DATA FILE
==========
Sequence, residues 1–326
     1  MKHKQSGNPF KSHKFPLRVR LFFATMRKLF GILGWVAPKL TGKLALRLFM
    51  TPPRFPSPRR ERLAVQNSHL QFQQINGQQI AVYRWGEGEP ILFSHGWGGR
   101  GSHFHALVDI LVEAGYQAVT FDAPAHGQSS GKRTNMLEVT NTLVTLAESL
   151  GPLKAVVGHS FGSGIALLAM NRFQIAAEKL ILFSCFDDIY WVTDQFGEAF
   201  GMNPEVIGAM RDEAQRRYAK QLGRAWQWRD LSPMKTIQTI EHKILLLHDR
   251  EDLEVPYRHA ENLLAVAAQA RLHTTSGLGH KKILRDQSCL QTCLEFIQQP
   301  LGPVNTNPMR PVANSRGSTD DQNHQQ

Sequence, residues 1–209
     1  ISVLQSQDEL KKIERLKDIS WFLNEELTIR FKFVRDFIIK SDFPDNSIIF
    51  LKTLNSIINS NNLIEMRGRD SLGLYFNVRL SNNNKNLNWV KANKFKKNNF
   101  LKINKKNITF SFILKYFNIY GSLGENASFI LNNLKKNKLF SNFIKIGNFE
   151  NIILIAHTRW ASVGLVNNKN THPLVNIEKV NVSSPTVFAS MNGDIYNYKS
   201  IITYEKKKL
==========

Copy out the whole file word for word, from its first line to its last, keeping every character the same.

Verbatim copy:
Sequence, residues 1–326
     1  MKHKQSGNPF KSHKFPLRVR LFFATMRKLF GILGWVAPKL TGKLALRLFM
    51  TPPRFPSPRR ERLAVQNSHL QFQQINGQQI AVYRWGEGEP ILFSHGWGGR
   101  GSHFHALVDI LVEAGYQAVT FDAPAHGQSS GKRTNMLEVT NTLVTLAESL
   151  GPLKAVVGHS FGSGIALLAM NRFQIAAEKL ILFSCFDDIY WVTDQFGEAF
   201  GMNPEVIGAM RDEAQRRYAK QLGRAWQWRD LSPMKTIQTI EHKILLLHDR
   251  EDLEVPYRHA ENLLAVAAQA RLHTTSGLGH KKILRDQSCL QTCLEFIQQP
   301  LGPVNTNPMR PVANSRGSTD DQNHQQ

Sequence, residues 1–209
     1  ISVLQSQDEL KKIERLKDIS WFLNEELTIR FKFVRDFIIK SDFPDNSIIF
    51  LKTLNSIINS NNLIEMRGRD SLGLYFNVRL SNNNKNLNWV KANKFKKNNF
   101  LKINKKNITF SFILKYFNIY GSLGENASFI LNNLKKNKLF SNFIKIGNFE
   151  NIILIAHTRW ASVGLVNNKN THPLVNIEKV NVSSPTVFAS MNGDIYNYKS
   201  IITYEKKKL